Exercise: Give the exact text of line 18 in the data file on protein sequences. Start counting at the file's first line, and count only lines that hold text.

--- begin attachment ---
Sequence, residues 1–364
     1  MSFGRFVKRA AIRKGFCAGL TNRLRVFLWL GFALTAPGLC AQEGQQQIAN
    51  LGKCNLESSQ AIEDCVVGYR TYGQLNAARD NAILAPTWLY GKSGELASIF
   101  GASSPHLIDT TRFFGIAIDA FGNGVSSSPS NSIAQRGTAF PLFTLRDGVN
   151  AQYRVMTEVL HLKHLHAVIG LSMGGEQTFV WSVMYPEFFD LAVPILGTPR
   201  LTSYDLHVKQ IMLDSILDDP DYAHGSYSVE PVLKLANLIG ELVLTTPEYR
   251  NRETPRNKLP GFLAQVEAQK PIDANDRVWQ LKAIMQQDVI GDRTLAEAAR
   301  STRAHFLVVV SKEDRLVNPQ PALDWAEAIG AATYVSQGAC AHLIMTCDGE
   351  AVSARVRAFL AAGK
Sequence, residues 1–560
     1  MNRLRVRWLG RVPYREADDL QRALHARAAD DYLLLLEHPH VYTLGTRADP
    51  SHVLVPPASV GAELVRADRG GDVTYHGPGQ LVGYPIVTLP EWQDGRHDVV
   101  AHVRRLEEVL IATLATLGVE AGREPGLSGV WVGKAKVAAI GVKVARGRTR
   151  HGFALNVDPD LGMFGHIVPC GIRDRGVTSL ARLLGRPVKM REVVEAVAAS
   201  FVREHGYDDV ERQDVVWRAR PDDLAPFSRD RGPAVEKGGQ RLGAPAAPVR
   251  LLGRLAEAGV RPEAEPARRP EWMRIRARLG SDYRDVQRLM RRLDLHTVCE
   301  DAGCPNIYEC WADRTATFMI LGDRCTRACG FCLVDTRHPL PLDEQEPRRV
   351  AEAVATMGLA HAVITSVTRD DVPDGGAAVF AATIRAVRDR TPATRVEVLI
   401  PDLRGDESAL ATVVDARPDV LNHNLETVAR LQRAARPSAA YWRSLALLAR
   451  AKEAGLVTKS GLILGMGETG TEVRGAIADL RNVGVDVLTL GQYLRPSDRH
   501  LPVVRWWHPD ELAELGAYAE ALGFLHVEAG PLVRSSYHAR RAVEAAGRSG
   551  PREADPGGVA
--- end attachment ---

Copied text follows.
   351  AEAVATMGLA HAVITSVTRD DVPDGGAAVF AATIRAVRDR TPATRVEVLI